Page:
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Afghans flock home as repatriation programme takes hold

Afghans flock home as repatriation programme takes hold

Aid workers help more than 4,100 Afghan refugees and internally displaced persons return home in the fourth day of a joint U.N.-Afghan Interim Authority operation.
6 March 2002
Afghan refugees on their way home Wednesday having registered at the Takhtabaig centre.

Afghan refugees on their way home Wednesday having registered at the Takhtabaig centre.

KABUL, March 6 (UNHCR) - In the largest return of refugees from Pakistan since UNHCR began its assistance programme for returnees last week, almost 3,500 people crossed the border into Afghanistan Wednesday while hundreds of internally displaced persons were transported from Kabul to their homes in the Shomali Plain.

Wednesday's returns raised the number of people going home to more than 9,200 in the first four days of the joint U.N.-Afghan Interim Authority operation. They arrived at the Takhtabaig registration centre outside the Pakistani city of Peshawar in 261 cars and trucks filled with belongings accumulated during years of exile.

UNHCR opened the Takhtabaig centre to register refugees opting to go home so they can receive a $20 transportation allowance at Mohmandara on the Afghan border, and relief aid including plastic sheeting, blankets and tools at their final destinations. In addition, the World Food Programme provides each family with 150 kilogrammes of wheat.

The U.N. agency plans to open a second registration centre in Quetta by mid-March. Seven such centres are planned for Pakistan that will be able to register about 35,000 people a day once they become fully operational. A similar programme is expected to start next month in Iran, where UNHCR and the government are preparing ten registration centres set to open from April 1. Pakistan and Iran currently host more than 3.5 million Afghan refugees.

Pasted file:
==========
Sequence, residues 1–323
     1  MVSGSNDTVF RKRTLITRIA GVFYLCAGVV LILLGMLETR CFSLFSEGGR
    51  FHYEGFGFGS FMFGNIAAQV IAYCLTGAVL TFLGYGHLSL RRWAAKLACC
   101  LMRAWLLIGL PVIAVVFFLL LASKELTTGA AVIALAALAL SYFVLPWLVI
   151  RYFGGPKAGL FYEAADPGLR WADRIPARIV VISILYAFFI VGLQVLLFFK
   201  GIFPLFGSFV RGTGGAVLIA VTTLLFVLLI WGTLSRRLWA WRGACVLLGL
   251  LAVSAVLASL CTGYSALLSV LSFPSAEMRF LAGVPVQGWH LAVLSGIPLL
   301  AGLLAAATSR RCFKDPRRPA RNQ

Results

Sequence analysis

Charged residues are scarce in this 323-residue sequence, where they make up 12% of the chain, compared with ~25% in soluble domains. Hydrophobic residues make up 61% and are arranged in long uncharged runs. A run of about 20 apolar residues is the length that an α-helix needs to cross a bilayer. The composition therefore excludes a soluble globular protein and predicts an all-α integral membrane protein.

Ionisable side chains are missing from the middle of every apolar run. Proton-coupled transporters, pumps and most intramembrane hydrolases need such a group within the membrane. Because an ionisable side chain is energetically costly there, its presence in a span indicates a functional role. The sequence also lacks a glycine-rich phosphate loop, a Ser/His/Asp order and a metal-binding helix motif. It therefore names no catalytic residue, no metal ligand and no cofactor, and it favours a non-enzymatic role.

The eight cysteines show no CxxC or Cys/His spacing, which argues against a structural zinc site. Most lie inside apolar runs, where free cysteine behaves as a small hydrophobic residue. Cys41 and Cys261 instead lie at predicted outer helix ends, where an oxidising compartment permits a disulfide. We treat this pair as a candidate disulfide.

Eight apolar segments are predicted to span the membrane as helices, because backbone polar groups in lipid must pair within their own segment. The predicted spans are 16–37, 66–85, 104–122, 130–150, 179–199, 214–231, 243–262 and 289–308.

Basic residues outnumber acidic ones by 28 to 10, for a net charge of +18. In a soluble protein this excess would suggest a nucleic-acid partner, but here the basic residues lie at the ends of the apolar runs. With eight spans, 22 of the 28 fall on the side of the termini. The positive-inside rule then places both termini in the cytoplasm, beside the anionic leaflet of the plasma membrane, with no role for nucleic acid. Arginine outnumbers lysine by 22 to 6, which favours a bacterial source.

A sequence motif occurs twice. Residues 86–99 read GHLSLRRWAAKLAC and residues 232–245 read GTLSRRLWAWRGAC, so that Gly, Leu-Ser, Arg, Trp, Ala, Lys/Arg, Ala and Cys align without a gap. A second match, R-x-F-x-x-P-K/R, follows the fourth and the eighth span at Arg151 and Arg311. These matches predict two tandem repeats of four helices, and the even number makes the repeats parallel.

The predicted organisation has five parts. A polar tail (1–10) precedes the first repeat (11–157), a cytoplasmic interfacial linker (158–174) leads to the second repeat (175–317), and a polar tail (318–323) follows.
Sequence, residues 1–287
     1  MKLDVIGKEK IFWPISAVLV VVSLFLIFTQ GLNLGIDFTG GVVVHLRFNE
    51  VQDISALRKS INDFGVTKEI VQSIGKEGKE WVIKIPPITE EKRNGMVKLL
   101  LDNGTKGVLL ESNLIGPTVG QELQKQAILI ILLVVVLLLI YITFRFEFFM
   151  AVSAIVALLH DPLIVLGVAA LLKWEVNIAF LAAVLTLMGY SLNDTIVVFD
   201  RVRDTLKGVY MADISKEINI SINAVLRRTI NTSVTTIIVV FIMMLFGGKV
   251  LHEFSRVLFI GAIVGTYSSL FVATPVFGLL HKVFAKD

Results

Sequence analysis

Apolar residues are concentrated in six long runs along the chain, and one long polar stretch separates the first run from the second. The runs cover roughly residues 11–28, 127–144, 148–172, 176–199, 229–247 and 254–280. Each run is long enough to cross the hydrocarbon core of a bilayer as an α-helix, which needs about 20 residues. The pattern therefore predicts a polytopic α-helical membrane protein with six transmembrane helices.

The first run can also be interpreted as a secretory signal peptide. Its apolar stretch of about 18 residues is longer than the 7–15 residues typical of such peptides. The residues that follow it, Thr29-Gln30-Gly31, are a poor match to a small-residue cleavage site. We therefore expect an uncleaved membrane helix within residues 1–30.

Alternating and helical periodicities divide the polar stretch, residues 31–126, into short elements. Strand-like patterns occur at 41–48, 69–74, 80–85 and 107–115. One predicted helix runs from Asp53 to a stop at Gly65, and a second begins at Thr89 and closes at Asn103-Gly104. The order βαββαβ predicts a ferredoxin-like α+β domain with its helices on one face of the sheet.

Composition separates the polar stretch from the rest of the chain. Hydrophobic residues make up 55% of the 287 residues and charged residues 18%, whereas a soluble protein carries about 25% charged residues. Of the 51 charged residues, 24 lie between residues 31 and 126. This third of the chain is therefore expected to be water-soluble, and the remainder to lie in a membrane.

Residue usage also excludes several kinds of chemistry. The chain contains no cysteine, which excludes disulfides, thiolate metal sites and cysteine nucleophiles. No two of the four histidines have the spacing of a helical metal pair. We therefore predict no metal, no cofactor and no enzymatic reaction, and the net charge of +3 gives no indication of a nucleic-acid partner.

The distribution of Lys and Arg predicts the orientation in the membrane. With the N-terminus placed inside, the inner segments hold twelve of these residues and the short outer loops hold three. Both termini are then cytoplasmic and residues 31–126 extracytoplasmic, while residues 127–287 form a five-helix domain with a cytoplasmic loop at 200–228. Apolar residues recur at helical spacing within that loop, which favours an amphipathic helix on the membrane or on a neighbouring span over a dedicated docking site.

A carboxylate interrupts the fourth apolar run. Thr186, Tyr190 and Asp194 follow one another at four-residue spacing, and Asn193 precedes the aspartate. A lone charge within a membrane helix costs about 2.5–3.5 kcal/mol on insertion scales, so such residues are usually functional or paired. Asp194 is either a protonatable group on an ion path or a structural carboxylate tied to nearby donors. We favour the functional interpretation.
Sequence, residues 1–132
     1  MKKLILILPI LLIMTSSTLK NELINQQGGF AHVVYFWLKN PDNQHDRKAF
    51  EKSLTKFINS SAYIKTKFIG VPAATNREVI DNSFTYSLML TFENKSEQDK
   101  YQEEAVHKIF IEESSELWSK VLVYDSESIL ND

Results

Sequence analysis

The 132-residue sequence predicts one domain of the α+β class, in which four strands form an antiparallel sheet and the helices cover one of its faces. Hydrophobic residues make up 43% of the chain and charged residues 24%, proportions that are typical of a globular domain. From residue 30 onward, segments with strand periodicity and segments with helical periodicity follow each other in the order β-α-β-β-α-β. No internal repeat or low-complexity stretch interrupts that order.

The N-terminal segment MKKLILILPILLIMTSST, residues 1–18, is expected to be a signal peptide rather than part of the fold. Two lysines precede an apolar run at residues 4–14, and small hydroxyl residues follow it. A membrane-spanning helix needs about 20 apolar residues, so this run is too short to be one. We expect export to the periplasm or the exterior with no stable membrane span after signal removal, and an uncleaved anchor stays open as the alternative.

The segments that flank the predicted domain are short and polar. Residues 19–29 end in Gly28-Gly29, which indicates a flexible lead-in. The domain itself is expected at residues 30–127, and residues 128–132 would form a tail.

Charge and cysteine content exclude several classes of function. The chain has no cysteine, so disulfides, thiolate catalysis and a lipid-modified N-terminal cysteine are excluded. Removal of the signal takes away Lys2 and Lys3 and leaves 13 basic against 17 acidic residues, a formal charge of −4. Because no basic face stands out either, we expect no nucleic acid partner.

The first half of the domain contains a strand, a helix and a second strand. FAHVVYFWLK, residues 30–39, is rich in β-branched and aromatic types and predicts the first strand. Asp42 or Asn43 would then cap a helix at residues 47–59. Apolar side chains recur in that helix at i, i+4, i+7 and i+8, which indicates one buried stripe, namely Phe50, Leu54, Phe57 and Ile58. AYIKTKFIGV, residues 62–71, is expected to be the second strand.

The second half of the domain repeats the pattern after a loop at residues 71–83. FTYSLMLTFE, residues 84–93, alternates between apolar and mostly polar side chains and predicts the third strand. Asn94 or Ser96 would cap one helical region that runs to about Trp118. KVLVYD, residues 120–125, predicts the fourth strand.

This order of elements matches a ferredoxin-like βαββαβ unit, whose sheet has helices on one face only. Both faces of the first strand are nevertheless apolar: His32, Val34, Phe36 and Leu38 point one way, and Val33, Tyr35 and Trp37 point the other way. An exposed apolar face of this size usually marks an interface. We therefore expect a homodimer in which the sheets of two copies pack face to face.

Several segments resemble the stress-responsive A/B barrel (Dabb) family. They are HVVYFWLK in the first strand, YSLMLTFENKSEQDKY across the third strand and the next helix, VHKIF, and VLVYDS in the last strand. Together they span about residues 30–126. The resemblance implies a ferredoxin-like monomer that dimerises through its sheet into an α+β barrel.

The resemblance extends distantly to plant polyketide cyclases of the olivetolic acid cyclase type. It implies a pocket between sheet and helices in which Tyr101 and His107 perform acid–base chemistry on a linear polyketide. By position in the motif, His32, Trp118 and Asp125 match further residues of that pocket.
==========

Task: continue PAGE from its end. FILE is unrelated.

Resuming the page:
In Kabul, UNHCR and the Afghan Ministry of Repatriation transported 700 internally displaced people from the city's old Soviet compound to Qarabagh in the Shomali Plain, a two-hour trip by road. In a two-week operation, the agency plans to return some 15,000 people who fled the central Afghan plain due to fighting three years ago.

The returnees from the former Soviet compound are provided with the same food and relief aid as the refugees. In addition, however, they receive a package of tools, farming implements, and seeds. The region, once one of Afghanistan's most fertile areas, became a barren wasteland following years of war and drought.

The U.N. refugee agency late last year helped 8,000 displaced Afghans sheltered in the Panjshir valley to return to Shomali, while another 8,000 people returned to the region on their own initiative.

The Afghans returning to Shomali emerged from their decaying apartments before sunrise Wednesday to board a convoy of 25 buses and 12 trucks hired by the International Organization for Migration, which is overseeing the logistical aspects of the operation. Some of those returning carried doors, windows and chairs they recovered from the piles of wreckage that dot the war-ravaged neighbourhood west of Kabul.

"I always wanted to get away from here," said Habibullah Daudzai, who is returning to the village of Bagar in Qarabagh district. "We are farmers, we grew wheat, apples, peaches and walnuts. We lived a good life. I am happy to return to my land."

For Afghans heading back to the Shomali Plain, the initiative starting today will be an emotional return to the once-peaceful region. Many will find their homes and gardens gone. But returnees like Habibullah are undaunted by the challenges ahead.

"We will rebuild our houses, clear the irrigation system, grow trees and again feed ourselves," he said as he stepped into a bus for the trip back home.